The company has more than 1,000 employees, with its headquarters stretching over 250,000 square meters. Manufacturing and assembly of the products takes place among four plants.

At one of the cabinet assembly plants, North American woodworkers watched while the vertical and horizontal components were bored, drilled and assembled in a just-in-time production setting. The setup on one line, for example, is as follows: components are placed on the RBO which feeds them vertically into the Biesse Insider FT2 drilling and hardware insertion machine, then to another Insider, and on to a third one, before meeting up with the horizontal components in assembly. On a line like this, the company produces approximately 300 boxes per shift of semi-custom cabinetry.

Cabinet boxes are offered in five standard colors, while more than 100 colors, pattern and texture options are available on the end panels and doors, a spokesman for the company said. Thicknesses on the doors, which come in solid wood/painted or laminated, range from 18-25mm. Here, Colombini uses a CVM Silver Pack box closing line to protect products during shipping.

Also seen on the tour was the machining operation at another one of Colombini's plants. Among the cutting systems in place here is the NexStep, which is used in conjunction with the WinStore material handling system. Also of special interest here was the brand new line featuring a Biesse Insider FTT R8 heavy-duty feedthrough drilling machine. The top and edge are machined, and then the parts are "flipped" for the other sides, for a capability of 12 to 15 parts per minute with a minimum batch of two pieces.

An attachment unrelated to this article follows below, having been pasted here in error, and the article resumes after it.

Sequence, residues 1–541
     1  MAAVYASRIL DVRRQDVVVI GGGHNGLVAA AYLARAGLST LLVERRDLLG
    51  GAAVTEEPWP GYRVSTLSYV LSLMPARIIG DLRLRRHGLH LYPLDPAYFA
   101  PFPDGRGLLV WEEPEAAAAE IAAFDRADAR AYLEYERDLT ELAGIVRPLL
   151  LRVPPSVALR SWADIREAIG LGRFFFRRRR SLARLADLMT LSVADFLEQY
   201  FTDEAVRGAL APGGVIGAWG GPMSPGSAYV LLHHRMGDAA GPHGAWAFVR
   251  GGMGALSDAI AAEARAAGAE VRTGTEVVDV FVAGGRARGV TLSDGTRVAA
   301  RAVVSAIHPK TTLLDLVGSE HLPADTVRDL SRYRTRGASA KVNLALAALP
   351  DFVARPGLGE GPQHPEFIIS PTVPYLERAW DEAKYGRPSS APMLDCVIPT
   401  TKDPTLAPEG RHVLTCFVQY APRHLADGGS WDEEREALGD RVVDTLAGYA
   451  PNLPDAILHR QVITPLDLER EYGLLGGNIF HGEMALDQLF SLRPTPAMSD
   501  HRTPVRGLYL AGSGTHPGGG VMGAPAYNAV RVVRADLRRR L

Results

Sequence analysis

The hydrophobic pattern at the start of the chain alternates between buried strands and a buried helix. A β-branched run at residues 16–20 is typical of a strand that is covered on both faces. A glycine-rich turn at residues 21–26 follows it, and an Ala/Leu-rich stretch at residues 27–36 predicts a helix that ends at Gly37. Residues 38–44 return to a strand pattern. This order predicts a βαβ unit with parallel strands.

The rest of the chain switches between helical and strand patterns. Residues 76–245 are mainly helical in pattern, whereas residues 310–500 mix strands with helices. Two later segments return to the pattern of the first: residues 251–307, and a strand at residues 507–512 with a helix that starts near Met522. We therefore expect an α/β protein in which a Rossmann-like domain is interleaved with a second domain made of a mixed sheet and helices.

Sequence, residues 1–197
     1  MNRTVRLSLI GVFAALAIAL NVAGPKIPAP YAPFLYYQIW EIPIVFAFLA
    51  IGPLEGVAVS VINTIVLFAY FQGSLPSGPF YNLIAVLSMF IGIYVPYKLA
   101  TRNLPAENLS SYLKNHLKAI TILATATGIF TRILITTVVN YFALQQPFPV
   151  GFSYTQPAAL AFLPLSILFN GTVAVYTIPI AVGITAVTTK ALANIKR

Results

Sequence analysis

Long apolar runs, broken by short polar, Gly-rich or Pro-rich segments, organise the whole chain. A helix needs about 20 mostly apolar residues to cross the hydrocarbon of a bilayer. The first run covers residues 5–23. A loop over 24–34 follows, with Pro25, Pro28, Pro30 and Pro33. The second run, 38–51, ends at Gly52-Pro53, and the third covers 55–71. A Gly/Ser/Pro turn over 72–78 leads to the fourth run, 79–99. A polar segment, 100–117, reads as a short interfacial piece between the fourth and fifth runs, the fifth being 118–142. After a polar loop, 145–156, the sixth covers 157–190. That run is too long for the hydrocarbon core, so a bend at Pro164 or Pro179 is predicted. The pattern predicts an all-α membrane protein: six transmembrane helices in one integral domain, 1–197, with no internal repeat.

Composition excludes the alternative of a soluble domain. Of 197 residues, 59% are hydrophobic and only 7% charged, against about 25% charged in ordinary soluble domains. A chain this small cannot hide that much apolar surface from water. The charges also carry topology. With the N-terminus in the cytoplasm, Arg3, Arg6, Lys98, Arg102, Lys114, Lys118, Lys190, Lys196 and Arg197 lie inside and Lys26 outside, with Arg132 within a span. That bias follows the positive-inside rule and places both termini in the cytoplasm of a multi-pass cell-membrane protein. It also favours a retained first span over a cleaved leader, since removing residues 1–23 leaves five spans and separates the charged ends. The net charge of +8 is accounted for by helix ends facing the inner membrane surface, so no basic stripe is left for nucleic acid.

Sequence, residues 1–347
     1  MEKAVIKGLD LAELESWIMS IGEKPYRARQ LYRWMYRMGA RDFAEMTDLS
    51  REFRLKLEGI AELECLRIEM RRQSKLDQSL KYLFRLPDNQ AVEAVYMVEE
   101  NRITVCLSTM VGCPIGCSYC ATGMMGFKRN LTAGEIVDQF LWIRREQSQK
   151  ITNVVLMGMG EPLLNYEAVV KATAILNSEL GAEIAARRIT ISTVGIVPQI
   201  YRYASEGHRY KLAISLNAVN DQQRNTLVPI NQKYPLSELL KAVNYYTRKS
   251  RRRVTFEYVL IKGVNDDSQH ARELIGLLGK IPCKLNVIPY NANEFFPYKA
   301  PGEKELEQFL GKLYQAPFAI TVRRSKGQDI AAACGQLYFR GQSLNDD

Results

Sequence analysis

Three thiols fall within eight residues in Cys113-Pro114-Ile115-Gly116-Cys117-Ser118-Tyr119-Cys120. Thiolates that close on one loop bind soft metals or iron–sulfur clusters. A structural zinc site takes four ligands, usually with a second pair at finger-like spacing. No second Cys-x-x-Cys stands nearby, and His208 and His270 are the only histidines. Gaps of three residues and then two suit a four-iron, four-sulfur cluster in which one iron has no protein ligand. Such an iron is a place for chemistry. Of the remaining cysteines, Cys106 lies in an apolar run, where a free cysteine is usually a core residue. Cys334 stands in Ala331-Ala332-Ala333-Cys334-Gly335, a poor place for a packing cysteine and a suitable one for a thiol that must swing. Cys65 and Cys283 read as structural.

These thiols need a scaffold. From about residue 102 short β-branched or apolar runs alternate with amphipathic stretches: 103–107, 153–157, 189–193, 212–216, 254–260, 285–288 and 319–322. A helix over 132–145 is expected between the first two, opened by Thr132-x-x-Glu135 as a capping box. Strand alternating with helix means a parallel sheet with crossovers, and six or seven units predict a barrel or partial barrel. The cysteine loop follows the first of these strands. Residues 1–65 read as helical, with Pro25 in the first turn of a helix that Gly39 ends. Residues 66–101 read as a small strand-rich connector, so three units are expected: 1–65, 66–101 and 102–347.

Also new at the plant was the Biesse Techno Kernel drilling and dowel insertion line, connected to an RBO Winner W1 feeder, stacker both with a baseboard management system. According to the company, approximately 30,000 parts are cut, edgebanded and drilled a day here.

About the Biesse America Tech Tour of Italy


Held the week of Oct. 11, the Biesse America Tech Tour to Italy included visits to six wood products production facilities plus close-up looks at the Biesse factories and visit to the Biesse Inside Event being held at Biesse headquarters in Pesaro, Italy

Pictured in front of the Biesse building are: (front row, l-r) Federico Broccoli, Biesse; Randy Jamison, Biesse America; Jill Standage, Classy Closets; Lori Hamblin, Classy Closets; Stephanie Parmer, Closets by Design (GA); Karen Koenig, Woodworking Network; Bill Weaver, Canyon Creek Cabinet Co.; Casey Bell, Bellmont Cabinet Co.; Steve Bell, Bellmont Cabinet Co.; Chad Grimm, Load King; Donnie Batten, Load King; Jed Richards, Holland's Custom Cabinets. In the back row, ( l-r) are: David Shamir, OFGO; Cory Shamir, OFGO; Sherwood Hamblin, Classy Closets; Stephane Fortier, North American Cabinets; Clay Smith, Royal Cabinets; Duane Standage, Classy Closets; Sebastien Madore, North American Cabinets; Steve Parmer, Closets by Design (GA); Ken Carella, Load King; Jeff Caldwell, Bridgewood Cabinets/Hi-Lo Industries; Bob Foote, Canyon Creek Cabinet Co.; Charles Chupp, Load King; Jason Varelli, Biesse America; Jim Caldwell, Bridgewood Cabinets/Hi-Lo Industries; and Rick Lovorn, Canyon Creek Cabinet Co.